|The effects of heatwaves on sediment biogeochemistry, with a focus on nutrients
Temmerman, Y. (2021). The effects of heatwaves on sediment biogeochemistry, with a focus on nutrients. MSc Thesis. NIOZ Royal Netherlands Institute for Sea Research: Yerseke. 28 pp.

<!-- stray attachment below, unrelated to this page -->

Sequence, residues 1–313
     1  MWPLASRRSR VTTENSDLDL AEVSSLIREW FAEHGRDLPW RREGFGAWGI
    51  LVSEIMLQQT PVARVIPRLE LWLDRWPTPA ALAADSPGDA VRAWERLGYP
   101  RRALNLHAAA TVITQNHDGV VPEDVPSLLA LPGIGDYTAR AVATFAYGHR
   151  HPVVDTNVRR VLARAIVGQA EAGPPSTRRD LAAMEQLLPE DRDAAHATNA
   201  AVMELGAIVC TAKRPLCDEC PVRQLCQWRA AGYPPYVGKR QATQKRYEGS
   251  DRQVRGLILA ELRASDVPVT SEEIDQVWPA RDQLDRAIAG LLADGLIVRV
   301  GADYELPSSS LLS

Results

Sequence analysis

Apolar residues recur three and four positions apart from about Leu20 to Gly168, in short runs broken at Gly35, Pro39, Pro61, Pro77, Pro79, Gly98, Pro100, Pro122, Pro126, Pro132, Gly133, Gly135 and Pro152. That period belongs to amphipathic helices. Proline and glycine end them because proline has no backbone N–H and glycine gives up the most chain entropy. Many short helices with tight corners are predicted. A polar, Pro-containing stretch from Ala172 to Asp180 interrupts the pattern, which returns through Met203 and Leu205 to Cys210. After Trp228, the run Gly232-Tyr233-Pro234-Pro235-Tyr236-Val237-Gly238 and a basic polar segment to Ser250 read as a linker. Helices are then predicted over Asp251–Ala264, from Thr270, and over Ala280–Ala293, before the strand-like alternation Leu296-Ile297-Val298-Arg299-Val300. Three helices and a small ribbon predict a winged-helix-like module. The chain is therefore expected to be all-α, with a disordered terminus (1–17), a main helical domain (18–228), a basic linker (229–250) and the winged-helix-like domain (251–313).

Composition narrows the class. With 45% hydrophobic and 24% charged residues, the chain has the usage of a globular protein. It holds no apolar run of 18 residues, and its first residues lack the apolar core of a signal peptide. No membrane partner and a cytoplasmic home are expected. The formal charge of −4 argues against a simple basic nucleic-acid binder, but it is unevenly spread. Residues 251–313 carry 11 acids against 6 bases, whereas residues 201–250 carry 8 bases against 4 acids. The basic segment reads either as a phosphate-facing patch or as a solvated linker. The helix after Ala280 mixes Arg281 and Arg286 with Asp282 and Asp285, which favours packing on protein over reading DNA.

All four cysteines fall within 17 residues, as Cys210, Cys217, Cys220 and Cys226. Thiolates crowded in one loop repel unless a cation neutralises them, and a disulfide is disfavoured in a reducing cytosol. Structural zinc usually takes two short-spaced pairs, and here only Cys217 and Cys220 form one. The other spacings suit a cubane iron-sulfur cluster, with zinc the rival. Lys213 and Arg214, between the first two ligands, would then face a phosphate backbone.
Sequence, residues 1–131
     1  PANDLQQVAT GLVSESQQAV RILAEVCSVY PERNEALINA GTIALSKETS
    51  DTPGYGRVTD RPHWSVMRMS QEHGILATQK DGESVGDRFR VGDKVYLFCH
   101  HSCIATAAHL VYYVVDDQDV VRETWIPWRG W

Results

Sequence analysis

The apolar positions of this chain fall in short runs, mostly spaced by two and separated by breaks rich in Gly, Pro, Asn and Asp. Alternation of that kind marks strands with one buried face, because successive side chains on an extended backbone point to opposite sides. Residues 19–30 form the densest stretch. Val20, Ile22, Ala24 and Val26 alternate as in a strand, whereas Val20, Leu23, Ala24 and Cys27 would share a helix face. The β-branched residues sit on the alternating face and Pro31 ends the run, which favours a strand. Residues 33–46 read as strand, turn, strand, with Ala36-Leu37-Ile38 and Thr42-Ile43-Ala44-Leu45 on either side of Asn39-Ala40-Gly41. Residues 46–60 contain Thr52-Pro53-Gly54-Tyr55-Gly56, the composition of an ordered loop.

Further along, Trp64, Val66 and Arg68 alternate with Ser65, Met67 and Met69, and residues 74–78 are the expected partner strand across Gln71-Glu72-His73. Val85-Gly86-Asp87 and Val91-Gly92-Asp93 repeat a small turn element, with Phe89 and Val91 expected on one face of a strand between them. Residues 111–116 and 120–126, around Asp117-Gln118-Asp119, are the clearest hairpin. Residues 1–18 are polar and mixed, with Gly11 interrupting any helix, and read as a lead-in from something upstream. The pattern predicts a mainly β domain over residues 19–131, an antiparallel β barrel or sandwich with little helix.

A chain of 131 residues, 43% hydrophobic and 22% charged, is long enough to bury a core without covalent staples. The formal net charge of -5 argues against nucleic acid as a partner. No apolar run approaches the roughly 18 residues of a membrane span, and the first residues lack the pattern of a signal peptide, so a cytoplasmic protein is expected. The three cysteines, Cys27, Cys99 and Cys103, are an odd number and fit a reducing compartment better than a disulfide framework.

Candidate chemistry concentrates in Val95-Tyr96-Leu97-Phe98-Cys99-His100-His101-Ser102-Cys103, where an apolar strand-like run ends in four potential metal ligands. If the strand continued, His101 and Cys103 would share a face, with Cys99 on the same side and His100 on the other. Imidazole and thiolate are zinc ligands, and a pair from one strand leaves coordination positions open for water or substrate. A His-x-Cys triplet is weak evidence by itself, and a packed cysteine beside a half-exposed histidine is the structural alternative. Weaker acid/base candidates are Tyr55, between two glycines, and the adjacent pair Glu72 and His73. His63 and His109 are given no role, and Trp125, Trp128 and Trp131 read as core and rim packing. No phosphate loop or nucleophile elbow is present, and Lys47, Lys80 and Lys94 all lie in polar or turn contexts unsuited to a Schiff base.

Extreme weather events have occurred more frequently in recent decades with reports of two consecutive heatwaves in Europe during the months of June and July in 2019. Heatwaves have the potential to influence marine ecosystem functions. The aim of this research was to study the effects of heatwaves on functional processes, specifically the nitrogen, phosphorous and silicate cycles in muddy marine sediments. In particular, this research explored the effects of light and increased temperature on benthic porewater nutrient concentrations. The data was collected during a heatwave experiment in June 2020. Sediment cores were collected from the Zandkreek intertidal flat in the Dutch Eastern Scheldt. The experiment was conducted in a climate-controlled chamber where the sediment cores were exposed to a 5-day heatwave of 35°C followed by 2 weeks of recovery at 20°C. During the experiment, there were 3 sampling moments where porewater nutrient samples were collected. The porewater nutrient concentrations (μmol/L) were then used to see if the heatwave affected the benthic nutrient cycles. It was found that the effect of light during a heatwave was not statistically significant. Increased concentrations of ammonium (NH4+) deeper layers suggested that there was an increased rate of anoxic remineralization in the sediment due to the heatwave. The results suggest that heat induced enhancement of organic matter remineralization increased sediment NH4+ concentrations. There were no observed alterations to the phosphorus cycles during the heatwave. Silicates, however, showed significantly higher concentrations caused by the heatwave due to increased dissolution rates. These results suggest that heatwaves influence sediment biogeochemistry by increasing the bioavailable nutrients in the sediment. This knowledge is valuable as it can possibly be linked to larger temperature-induced ecosystem effects, which increases our understanding of climate change impacts.